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Silver Bullet © Knott's Berry Farm
© Knott's Berry Farm



Tuesday, December 11, 2012 | This article is listed in the sections Magazine and Amusement parks.

Knott's Berry Farm


Ghost Town © Knott's Berry Farm
© Knott's Berry Farm
The origins: "Ghost Town"
How does cultivating berries and creating one scream machine after the other go well together? It is quite simple, following the example of Knott's Berry Farm in Buena Park, California. In the early 1920's, berry expert Walter Knott began selling his tasty fruits at a roadside stand along State Route 39. Being the first to cultivate boysenberries with commercial success in the 30's, Knott's business began to boom so that additionally, his wife opened a restaurant, selling chicken meals and self-made boysenberry cakes. Very soon visitors had to wait for a table at the restaurant – and the first entertainment programs arose.

In 1940, by adding "Ghost Town", a replica of an abandoned city featuring buildings of real western houses instead of any backdrops, the beginning of the present-day theme park is marked. Several other attractions followed up – as well as one serious competitor just a few blocks away: Disney. But Walter Knott has not been distressed by Disney's land of fantasy and kept investing, expanding and developing his own leisure destination. Since 1968, the area is fenced and an admission fee is charged: The amusement park Knott's Berry Farm – as we know it today – was fully established.

Impressions of Knott's Berry Farm
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  • Sky Cabin & Boomerang<br />© Knott's Berry Farm
  • La Revolución<br />
  • Timber Mountain Log Ride<br />© Knott's Berry Farm
  • Ghostrider<br />© Knott's Berry Farm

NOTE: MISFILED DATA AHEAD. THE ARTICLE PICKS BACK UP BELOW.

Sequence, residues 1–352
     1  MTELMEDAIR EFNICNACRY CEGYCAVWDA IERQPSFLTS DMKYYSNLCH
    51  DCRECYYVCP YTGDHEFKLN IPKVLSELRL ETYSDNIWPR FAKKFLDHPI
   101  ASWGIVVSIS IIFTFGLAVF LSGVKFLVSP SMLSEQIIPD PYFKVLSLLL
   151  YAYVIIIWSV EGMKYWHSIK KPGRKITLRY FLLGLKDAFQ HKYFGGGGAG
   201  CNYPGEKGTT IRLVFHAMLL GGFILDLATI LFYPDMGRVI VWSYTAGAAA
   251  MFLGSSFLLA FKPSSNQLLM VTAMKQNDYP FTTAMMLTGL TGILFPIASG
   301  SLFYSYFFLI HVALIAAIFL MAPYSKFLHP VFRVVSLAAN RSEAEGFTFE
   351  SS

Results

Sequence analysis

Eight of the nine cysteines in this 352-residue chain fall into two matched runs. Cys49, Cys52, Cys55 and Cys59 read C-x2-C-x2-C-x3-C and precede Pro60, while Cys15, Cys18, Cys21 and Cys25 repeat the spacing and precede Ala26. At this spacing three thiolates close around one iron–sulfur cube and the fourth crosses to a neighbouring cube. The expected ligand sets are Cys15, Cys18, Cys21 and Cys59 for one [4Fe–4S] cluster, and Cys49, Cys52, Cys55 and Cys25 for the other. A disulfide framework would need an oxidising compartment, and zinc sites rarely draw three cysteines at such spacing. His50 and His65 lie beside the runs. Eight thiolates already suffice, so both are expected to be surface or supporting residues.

• Riptide<br />© Knott's Berry Farm
  • Sierra Sidewinder<br />© Knott's Berry Farm
  • Timberline Twister<br />© Knott's Berry Farm
  • Wave Swinger<br />© Knott's Berry Farm
  • Xcelerator<br />© Knott's Berry Farm

Today, Knott's Berry farm no longer is a family business. After the founders died in the 1990's, their children decided to sell the park. Even Disney was among the interested companies, dreaming of a second park close by their famous Disneyland, but the Knott family refused to sell the park to them. Instead they chose the Cedar Fair Entertainment Company to operate their amusement park and picked another company for their food business.

Concept Art 2013 © Knott's Berry Farm
© Knott's Berry Farm
New for 2013: "Coast Rider"
Since the acquisition by Cedar Fair, several new rides and coasters have been added to the portfolio. This winter, the 10th coaster will be installed: A Wild Mouse manufactured by Mack, called "Coast Rider". This ride will perfectly fit into the park with its various thrills – both, its classic and modern high-tech constructions. Coaster fans can find among them the Schwarzkopf Shuttle Loop "Montezooma's Revenge", one of the last five operating models worldwide. But there are two more, modern interpretations of a launch coaster: "Pony Express", a Zamperla MotoCoaster, and the prototype of Intamin's Acceleration Coasters "Xcelerator". Other remarkable coasters are the Spinning Coaster "Sierra Sidewinder" manufactured by Mack, as well as the B&M's Inverted Coaster "Silver Bullet", and the CCI woodie "Ghost Rider".

Highlights throughout the season are the Halloween and Christmas specials. Converting into "Knott's Scary Farm" or respectively into "Knott's Merry Farm", the park gets a festive and atmospheric decoration as well as exclusive attractions and shows at these festivals. Operating throughout the whole year, it attracts more than 3.5 milllion guests yearly, making it the most visited park of the Cedar Fair Group.

© parkscout/AM




 




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